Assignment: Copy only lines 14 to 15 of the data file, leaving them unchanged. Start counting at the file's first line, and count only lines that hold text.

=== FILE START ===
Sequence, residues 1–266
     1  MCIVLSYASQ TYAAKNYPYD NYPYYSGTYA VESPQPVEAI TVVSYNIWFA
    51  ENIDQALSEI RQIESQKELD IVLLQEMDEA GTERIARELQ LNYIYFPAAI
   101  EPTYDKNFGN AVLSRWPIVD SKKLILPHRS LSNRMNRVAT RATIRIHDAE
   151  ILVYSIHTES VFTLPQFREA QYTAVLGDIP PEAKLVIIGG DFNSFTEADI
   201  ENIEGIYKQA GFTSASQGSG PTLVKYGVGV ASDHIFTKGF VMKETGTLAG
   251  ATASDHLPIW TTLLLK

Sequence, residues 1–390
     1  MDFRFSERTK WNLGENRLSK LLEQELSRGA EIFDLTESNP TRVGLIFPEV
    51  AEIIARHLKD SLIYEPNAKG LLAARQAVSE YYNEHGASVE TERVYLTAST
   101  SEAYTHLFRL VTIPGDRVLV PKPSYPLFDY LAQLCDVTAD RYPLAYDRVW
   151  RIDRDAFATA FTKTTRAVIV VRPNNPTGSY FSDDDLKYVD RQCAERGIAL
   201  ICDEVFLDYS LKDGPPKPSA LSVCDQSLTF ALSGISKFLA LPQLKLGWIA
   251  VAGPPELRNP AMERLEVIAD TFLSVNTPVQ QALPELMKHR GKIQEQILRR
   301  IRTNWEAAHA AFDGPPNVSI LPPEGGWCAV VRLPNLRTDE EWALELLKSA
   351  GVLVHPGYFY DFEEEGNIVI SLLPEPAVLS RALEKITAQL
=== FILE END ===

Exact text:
   251  VAGPPELRNP AMERLEVIAD TFLSVNTPVQ QALPELMKHR GKIQEQILRR
   301  IRTNWEAAHA AFDGPPNVSI LPPEGGWCAV VRLPNLRTDE EWALELLKSA